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Ron Fimrite
March 05, 2001
If looks were everything, this great champion would have been pulling a cart
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March 05, 2001

Books

If looks were everything, this great champion would have been pulling a cart

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Seabiscuit: An American Legend
By Laura Hillenbrand/ Random House, $24.95

He was a claimer, a colt with an odd gait bought at a bargain-basement price. He had a stumpy body, crooked legs, a dun-colored coat and a forlorn tail. He was sometimes mistaken for a cow pony. But Seabiscuit became the greatest racehorse of his time and, along with Man o' War, Trigger, Silver and Secretariat, one of the most famous horses of all time. His was the equine equivalent of the rags-to-riches fable so popular during the Great Depression. The public responded to his story with enormous enthusiasm. In 1938 Seabiscuit was among the nation's leading newsmakers in a field that included FDR, Hitler, DiMaggio and Mussolini. Today, more than 60 years after Seabiscuit's retirement to stud and almost 54 years after his death, his name still rings a bell, even with those who couldn't tell Seattle Slew from Mr. Ed.

It's a terrific story, but it's more than just a horse's tale, because the humans who owned, trained and rode Seabiscuit are equally fascinating. Charles Howard, the San Francisco auto mogul who rescued the colt from anonymity, was the prototypical Western pioneer of the commercial age, a onetime bicycle repairman who foresaw the future of the horseless carriage. Seabiscuit's trainer, Tom Smith, was a solitary plainsman who communicated far better with horses than with members of his own species. The jockey Red Pollard, a one-eyed former prizefighter who quoted Emerson, was down and nearly out when Seabiscuit saved him.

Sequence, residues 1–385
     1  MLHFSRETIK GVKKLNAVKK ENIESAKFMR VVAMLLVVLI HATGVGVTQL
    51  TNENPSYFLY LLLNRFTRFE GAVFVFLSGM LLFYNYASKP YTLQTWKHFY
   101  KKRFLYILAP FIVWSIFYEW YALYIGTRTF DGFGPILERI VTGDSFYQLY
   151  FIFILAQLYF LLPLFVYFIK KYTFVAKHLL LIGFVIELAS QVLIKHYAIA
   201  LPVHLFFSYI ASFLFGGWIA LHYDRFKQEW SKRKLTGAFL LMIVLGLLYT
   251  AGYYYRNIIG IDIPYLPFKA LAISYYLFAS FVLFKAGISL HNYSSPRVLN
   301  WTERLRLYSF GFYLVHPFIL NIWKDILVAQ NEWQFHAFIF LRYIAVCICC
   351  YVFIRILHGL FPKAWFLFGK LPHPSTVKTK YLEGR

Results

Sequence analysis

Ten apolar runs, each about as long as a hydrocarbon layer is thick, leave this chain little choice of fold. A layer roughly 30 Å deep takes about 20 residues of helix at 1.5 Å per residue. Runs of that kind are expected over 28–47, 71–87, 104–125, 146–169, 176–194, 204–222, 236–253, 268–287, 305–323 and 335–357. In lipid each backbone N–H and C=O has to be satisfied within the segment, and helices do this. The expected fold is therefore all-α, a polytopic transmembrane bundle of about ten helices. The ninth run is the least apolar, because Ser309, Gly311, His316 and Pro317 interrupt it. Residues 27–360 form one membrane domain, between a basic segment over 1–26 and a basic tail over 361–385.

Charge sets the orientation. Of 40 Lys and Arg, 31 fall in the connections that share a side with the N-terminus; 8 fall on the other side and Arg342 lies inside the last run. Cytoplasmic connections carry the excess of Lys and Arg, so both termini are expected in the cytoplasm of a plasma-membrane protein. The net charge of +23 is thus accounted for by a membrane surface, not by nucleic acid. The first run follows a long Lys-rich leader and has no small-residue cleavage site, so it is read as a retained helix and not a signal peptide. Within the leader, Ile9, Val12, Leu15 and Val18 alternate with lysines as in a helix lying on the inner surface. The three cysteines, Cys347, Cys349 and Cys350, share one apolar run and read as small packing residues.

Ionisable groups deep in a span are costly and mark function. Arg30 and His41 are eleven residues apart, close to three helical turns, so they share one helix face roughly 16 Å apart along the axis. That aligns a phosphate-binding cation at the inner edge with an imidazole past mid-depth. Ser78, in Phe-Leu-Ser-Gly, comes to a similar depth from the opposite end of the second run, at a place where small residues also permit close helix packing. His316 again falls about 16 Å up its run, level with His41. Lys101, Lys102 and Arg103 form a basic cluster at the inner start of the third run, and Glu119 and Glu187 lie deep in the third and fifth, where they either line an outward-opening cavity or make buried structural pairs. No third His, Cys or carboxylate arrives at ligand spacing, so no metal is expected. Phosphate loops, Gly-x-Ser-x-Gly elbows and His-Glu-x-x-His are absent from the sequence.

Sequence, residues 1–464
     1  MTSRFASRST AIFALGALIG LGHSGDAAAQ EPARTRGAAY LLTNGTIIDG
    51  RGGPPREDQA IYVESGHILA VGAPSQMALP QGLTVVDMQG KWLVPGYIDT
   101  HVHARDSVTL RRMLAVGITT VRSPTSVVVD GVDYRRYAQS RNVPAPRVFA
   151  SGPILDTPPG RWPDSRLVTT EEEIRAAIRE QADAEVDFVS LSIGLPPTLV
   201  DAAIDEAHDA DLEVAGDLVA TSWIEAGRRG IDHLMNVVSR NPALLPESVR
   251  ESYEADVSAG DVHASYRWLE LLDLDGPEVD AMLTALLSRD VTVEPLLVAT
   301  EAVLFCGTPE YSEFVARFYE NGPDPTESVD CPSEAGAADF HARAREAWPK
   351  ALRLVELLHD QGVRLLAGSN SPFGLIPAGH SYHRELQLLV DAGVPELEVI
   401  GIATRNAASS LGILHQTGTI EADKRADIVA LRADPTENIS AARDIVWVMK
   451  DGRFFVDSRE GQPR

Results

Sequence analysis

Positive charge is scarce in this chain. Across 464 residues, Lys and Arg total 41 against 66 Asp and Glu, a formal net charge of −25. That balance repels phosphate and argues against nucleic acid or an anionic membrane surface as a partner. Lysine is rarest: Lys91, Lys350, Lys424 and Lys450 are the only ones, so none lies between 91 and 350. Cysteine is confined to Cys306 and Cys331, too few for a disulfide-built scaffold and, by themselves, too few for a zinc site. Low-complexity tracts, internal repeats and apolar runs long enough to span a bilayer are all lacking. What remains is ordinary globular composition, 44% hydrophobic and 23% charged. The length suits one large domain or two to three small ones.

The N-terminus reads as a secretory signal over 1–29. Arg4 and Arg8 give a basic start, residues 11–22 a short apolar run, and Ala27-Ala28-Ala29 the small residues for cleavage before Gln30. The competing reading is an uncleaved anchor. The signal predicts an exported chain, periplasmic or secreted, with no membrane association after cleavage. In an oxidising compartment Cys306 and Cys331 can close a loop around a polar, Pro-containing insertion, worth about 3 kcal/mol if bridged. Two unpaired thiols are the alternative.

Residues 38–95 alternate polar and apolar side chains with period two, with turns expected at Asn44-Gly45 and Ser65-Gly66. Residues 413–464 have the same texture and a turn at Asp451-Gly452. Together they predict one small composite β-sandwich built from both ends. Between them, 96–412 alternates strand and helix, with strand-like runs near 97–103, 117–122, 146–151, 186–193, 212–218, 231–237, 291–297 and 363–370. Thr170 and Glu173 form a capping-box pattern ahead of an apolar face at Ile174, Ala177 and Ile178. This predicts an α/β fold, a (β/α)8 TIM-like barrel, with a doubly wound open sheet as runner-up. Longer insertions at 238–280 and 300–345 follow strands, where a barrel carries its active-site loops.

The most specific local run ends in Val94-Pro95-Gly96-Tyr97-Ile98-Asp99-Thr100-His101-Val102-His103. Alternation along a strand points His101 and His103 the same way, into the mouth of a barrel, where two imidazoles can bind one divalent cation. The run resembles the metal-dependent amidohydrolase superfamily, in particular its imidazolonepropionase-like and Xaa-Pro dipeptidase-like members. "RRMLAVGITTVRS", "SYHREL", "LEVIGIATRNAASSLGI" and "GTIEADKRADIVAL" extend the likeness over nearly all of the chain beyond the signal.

Hillenbrand not only ties these divergent personalities into a fast-moving narrative but also shows an extraordinary talent for describing a horse race so vividly that the reader feels like the rider. She writes about the confusion, turbulence and artistry of a race with the same grasp of sound and movement that Whitney Balliett brings to jazz in his New Yorker profiles. That is no mean accomplishment.

Hillenbrand's account of Seabiscuit's famous match race with War Admiral is alone worth the book's price. Even if your interest in horses goes no further than hansom cabs, you'll find this book engrossing. In 1949 the horse was the subject of a movie, The Story of Seabiscuit, starring Shirley Temple. Inevitably it will be filmed for the big screen again. Don't wait for it. Read the book.

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